Wednesday, October 1, 2014

trip to the Applebarn

I have seen pictures and posts of many friends going to the Taves' Famiy Applebarn in Abbotsford that I must admit I wished to go; it just never somehow made it to the top of our To Do list, sadly. When Rhys came home with a field trip permission slip to go the Applebarn, I knew I *had* to go too!  I had never been on any of the kids' field trips yet by myself. Oh, sure, I had gone to various pumpkin patches with the Olders while in preschool, but I also had a toddler with me on those trips. This would be my first one without any younger siblings (since the school recommended that the younger kids stay home. It would've been fun for them, but it would've been too busy since all four of the kindergarten classes were going together); I just needed to find a babysitter for Eden. I am so thankful for my parents for volunteering!  

I think I was just as excited as Rhys was to go on this trip.

Of course, after a hot weekend, we greeted Monday with rain, and lots of it. There's nothing like keeping it real and tromping through a farm in boots and the rain on an Autumn day! That didn't dispel our enthusiasm though.

While we waited for all of the children to arrive (it was a parent-driven trip, instead of going on the school buses. Rhys is hoping to go on a bus one day!), we introduced ourselves to the animals. Rhys bleated to the sheep and llamas; they didn't respond.  The sheep were curious at first then probably felt mocked and left. The llamas were unimpressed altogether, looking cool behind the fence.

Once we were settled inside, our class went on a hay ride. That was fun! We got to see all of the many trees with different apple varieties, as well as the corn fields. It is quite a big farm; they have 2000 dwarf trees, we were told. (they grow 9 different varieties of apples, as well as two types of pears) Halfway through it, the farmer stopped the tractor to talk to the kids. He asked if they could notice something about the trees that they all had. No, not apples or leaves. They all had tall stakes attached to them. He said that just like in life as we grow, we all need support from our family, our friends, our school teachers; we all grow tall and strong , but we can't do it on our own. I thought it was a wise thing to tell the children. It's true. We all need each other and can't do it alone. (even though we often want to)  I appreciated what he said.

 After our hay ride, we went to different "centres" and had a 5-10 minute talk by different leaders. We learned about how apples grow in each season, saw some honey bees they have, saw the apple sorting machine, and how apple cider is made. We even got to try some Jonagold apples (yum!) and their apple cider; that was so yummy! They don't add anything to it either, just straight apples, no sugar! I had to go back to the store just before we left to buy some of their hot apple cider! I wished I had bought more for home though too!

 (can you spot the Queen Bee? She has a yellow dot on her back...go figure, yellow dot on a bee of yellow and black! But we found her!)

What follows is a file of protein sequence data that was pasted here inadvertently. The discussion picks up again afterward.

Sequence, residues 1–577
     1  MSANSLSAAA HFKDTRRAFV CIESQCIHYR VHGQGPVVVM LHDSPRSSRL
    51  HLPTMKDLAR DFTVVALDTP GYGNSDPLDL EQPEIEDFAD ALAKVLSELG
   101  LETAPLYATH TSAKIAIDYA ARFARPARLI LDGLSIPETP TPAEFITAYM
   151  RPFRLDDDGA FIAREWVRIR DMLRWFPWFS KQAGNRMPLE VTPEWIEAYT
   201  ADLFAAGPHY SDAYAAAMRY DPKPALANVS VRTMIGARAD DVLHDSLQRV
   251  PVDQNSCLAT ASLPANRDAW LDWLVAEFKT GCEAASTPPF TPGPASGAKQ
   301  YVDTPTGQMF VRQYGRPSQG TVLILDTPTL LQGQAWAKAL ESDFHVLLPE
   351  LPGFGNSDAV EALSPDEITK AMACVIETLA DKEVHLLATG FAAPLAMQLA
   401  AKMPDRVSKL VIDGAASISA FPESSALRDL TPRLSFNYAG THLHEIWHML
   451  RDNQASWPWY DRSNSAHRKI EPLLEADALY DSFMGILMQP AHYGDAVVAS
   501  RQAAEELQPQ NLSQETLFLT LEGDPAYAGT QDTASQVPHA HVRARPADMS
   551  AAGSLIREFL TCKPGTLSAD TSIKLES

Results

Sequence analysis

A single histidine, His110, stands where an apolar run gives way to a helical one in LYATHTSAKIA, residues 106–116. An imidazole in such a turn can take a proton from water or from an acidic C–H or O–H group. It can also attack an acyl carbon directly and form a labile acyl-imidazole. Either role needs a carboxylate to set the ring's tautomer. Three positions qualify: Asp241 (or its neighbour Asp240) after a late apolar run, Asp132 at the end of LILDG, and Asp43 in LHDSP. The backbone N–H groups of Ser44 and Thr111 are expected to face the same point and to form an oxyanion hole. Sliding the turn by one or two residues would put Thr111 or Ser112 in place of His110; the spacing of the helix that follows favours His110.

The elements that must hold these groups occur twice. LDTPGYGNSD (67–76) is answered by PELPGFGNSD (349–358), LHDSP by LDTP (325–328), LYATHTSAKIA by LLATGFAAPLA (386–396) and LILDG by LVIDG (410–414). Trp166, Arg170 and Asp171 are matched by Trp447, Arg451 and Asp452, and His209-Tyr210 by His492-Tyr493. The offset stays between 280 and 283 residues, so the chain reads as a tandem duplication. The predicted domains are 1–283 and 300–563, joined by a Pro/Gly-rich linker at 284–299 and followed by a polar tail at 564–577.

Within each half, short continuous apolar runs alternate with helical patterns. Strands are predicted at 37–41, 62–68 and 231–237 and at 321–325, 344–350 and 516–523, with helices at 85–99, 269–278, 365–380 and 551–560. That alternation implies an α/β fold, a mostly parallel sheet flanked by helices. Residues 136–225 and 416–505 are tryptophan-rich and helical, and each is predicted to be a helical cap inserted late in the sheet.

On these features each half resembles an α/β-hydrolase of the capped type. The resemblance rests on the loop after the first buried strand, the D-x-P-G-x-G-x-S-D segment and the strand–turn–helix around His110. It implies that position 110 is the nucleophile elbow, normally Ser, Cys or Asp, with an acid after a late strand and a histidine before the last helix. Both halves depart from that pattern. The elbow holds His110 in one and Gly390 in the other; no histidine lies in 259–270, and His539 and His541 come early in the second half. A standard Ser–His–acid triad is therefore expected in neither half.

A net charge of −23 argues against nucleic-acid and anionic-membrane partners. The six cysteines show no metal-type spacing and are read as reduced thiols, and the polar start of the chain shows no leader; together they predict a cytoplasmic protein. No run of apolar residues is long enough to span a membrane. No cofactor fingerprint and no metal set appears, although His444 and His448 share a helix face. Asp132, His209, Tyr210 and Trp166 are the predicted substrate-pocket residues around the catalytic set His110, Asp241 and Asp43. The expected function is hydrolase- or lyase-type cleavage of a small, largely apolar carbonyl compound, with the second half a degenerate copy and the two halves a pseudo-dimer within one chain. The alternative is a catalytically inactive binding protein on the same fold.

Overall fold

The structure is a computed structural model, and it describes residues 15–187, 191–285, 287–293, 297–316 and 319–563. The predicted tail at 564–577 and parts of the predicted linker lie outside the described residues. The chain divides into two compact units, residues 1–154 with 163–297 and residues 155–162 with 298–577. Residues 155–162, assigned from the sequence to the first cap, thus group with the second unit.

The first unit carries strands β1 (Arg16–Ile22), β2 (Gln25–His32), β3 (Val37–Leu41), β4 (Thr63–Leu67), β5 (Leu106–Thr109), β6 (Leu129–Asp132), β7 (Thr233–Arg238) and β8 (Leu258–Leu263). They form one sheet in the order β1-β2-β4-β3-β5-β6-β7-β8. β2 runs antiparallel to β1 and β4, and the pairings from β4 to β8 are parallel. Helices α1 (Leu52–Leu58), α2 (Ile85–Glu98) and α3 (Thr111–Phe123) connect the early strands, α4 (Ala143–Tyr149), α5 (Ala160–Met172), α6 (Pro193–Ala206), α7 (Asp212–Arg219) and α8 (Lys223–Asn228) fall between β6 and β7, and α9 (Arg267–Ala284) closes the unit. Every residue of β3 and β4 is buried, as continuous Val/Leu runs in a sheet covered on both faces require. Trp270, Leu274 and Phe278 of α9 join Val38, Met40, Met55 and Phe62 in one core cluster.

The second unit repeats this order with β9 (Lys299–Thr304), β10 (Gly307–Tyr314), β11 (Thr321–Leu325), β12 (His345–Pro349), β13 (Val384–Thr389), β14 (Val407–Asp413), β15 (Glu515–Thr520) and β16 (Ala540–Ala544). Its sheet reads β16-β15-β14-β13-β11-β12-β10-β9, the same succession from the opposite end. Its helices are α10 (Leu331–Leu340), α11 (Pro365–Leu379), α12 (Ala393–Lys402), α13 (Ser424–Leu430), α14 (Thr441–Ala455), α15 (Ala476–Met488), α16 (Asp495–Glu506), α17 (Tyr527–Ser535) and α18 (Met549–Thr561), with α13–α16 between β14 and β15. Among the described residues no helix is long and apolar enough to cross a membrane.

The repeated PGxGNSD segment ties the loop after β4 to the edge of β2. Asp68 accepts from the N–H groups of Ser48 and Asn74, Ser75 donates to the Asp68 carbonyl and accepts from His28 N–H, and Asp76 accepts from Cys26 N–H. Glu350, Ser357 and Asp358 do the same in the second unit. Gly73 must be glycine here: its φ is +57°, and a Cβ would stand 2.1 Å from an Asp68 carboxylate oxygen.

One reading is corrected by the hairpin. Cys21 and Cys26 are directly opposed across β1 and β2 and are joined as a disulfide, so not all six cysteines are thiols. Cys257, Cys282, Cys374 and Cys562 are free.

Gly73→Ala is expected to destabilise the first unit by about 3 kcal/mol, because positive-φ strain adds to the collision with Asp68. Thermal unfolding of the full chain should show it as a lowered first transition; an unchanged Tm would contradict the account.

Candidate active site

The last thing we did before we stopped for an early lunch was the petting zoo area.  That was the part that Rhys had been waiting for all morning! He was excited to see the bunnies the most!


After lunch, we were allowed to go home if we wanted to (and many parents did since it was so wet and chilly) or stay and explore more. We had to take some pictures first...especially with the Mater truck! Then Rhys decided we should go see the bunnies again and the playground!  (I was very good and listened to the rules and didn't pick any of the bunnies up, or tuck one into my pocket to take home! I miss our bunnies so much!)

Rhys had a ton of fun on the Kangaroo Pillow! Yes, I let him go on it, even though it was wet and  he would likely get soaked. (I had packed an extra pair of clothes for him, so I figured it wasn't too big of a deal. Sometimes I'm a cool mom like that!)

He played on the slides, ran around the kids' maze, and had fun. I let him climb up to the bridge to go on a different slide, but he was taking a long time, so I had to search for him. I found him in the barn loft on the zipline! Another parent was helping his son on it as well, so he didn't mind helping Rhys along! 

I think the zipline may just have been his favourite part!

It was such a fun morning, even if it was chilly and rainy. (most of what we did was under covered areas, so it wasn't too bad.)

I have decided that we definitely need to return there on a sunny day with the rest of the family. It would be nice to jump on that pillow when it isn't wet. Maybe we can venture through the corn maze (I am terrible at directions, so the idea makes me nervous. What if we get lost? eek!)  And we definitely need to check out the corn gun and pumpkin cannon! And I need me some more of that apple cider!

I would say this was the funnest Harvest field trip I have been on. It was informative and yet short enough for kindergarten attention spans, and there was a lot of fun things for the kids to do. 

In the past, I think it was Abi's kindergarten class and maybe Kai's too, we went to the Aldor Acres (I don't remember what we did for Bryn's kindergarten class. I will have to look it up.) That is a 20-acre family farm located in the Glen Valley of Langley and has lots of fun things to do as well. I've been there to pick pumpkins with my family when it was just the three kids, also. The prices are similar at both places, so it comes down to location, I would think, or what you are looking for. If you are in search of apples, go to the Taves' Apple Barn in Abbotsford. If you want pumpkins, go to Aldor Acres in Langley!

This is why I love Autumn! Sweaters. Pumpkins. Apples. Changing colours. It makes me happy. This was a great way to spend a drizzly Autumn morning.


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